A Modest Note of Optimism for Trump’s Coronavirus Response

Although in his Wednesday press conference President Trump sought to quell Americans’ fears by expressing a more optimistic view about our ability to address the Coronavirus (SARS-CoV-2) than is shared by the Centers for Disease Control (“CDC”), Mr. Trump did signal (notwithstanding his self-serving asides) that his government knows that the threat is serious, and that by appointing Vice President Mike Pence to be the Administration’s point man — despite reports that Mr. Pence failed to competently address an HIV outbreak in Indiana during his days as Governor — that the Administration is taking it seriously.  Although the Administration’s record for dealing with scientific reality is atrocious, this challenge doesn’t involve any conservative shibboleths.  I think we now need to wait to see whether the Administration’s efforts are effective.

On Thursday morning, MSNBC’s Morning Joe panel, while grudgingly giving Mr. Trump some credit for his response, noted that our national ability to address the virus is now somewhat hampered by the manner in which the Administration has, through budget cuts, reduced the strength of the CDC and other U.S. health agencies and our assistance to world health organizations. During his press conference, Mr. Trump brushed away such concerns, saying that the Government will be able to get needed people back and that we will spend the money we need to spend. For once, I tend to agree with the President: no matter the level of antipathy a wronged health official might feel about the Administration, the potential danger here is of sufficient magnitude that it’s hard to imagine that any relevant expert, if asked to serve, won’t immediately respond to the call. I also believe that money won’t be the problem: Mr. Trump indicated during his press conference that he was ready to take the funding appropriated by Congress, which is some four times larger than that the Administration had asked for. If Mr. Pence asks for more money in the future, I am confident that Congress will appropriate it. Right now, we are behind the curve, but as was the case after our Pacific fleet was destroyed at Pearl Harbor, we have the best talent, and despite our deep deficit, still have the financial means to stage a comeback. If we come up with a vaccine, our economic machine will reproduce it and distribute it worldwide. No American politician of any stripe will stand for drug company profiteering.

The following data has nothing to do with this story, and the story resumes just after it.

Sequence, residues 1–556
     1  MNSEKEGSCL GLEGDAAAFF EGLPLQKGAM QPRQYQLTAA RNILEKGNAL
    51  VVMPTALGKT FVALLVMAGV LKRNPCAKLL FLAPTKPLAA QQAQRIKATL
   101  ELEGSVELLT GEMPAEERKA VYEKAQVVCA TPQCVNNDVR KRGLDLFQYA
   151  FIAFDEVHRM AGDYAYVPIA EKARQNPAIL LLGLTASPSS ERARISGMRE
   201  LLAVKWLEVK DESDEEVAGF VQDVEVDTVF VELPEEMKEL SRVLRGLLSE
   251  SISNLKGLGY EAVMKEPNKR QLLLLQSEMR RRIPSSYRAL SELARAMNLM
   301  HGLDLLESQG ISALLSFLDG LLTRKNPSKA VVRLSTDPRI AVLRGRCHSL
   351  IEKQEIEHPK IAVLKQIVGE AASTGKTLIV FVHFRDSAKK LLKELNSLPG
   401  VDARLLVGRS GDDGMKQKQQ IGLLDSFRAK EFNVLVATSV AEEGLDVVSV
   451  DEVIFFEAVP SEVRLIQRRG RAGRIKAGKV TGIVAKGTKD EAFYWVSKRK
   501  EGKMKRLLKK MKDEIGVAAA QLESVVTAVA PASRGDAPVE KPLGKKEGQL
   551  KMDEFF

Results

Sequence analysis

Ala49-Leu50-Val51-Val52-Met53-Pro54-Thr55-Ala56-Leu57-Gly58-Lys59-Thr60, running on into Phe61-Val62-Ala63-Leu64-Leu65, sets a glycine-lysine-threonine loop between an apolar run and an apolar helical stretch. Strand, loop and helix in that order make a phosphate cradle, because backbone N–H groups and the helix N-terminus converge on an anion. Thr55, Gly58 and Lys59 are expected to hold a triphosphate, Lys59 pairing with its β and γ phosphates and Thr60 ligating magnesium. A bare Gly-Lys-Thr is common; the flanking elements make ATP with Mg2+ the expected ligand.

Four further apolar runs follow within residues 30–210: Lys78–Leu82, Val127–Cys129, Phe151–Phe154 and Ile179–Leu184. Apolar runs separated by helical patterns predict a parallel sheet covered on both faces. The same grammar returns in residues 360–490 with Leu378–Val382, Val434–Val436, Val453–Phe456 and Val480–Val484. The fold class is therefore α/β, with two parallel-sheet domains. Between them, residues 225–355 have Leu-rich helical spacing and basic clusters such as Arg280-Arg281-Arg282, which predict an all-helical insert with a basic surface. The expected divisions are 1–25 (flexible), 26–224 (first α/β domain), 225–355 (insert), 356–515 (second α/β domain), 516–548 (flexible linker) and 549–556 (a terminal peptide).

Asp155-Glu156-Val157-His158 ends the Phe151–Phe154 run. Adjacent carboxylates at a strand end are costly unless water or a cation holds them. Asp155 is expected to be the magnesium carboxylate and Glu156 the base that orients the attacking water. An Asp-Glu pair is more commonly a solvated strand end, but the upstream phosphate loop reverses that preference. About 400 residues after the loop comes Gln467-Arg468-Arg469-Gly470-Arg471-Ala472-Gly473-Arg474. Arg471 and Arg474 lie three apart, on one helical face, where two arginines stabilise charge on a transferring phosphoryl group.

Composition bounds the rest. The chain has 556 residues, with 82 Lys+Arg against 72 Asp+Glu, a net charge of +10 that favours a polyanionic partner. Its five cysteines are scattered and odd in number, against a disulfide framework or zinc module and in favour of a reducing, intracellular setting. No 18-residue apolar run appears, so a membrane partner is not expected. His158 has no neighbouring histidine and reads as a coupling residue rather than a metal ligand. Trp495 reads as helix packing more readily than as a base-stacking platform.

There is one other reason to feel optimistic: for once, our nation’s and the world’s health fortunes run in the same direction as Mr. Trump’s political fortunes. Members of the Morning Joe panel suggested that Mr. Trump’s focus during his press conference was to steady the financial markets.  Perhaps; if so, it would reflect a lack of understanding that the S&P 500 consists of corporations with global operations whose profits seem destined to be significantly adversely by the disease’s worldwide impact no matter what happens in America.  That said, I have trouble believing that the President doesn’t comprehend that if there is a significant panic and/or spread of Coronavirus in this country, and the Administration is perceived to have responded inadequately, he will lose the presidency resoundingly, even to U.S. VT Sen. Bernie Sanders. This is the kind of threat that trumps (if you will) even our deep cultural divide – a threat, like an invasion, that will affect Red and Blue states equally. Any health crisis will overwhelm his messaging.  He won’t — although he would undoubtedly try — be able to effectively shift the blame to Mr. Pence.  I recall – subject to correction by those with perhaps better memories — that President George W. Bush’s core support actually began to dwindle during his second term not because of his egregiously terrible decisions in Iraq and the Middle East, but because of what was perceived to be his Administration’s inadequate response to Hurricane Katrina. So in this I have complete confidence: assuming that Mr. Trump understands that doing the right thing — in this case, to pull out all stops to control to the extent possible the spread of the Coronavirus in the United States — is in his best interest, he will do the right thing.

I know very little about the virus and the attendant illness (COVID-19), and others may feel the same.  What follows are two links to recently-published descriptions of myths about the virus.

The World Health Organization


Johns Hopkins


[Comment: since I believe that this is the first time I have ever posted on three consecutive days, this is to reassure exhausted readers of these pages that such is an aberration; given the need to tend to other chores — such as our income taxes – it may be a while before another note surfaces.]

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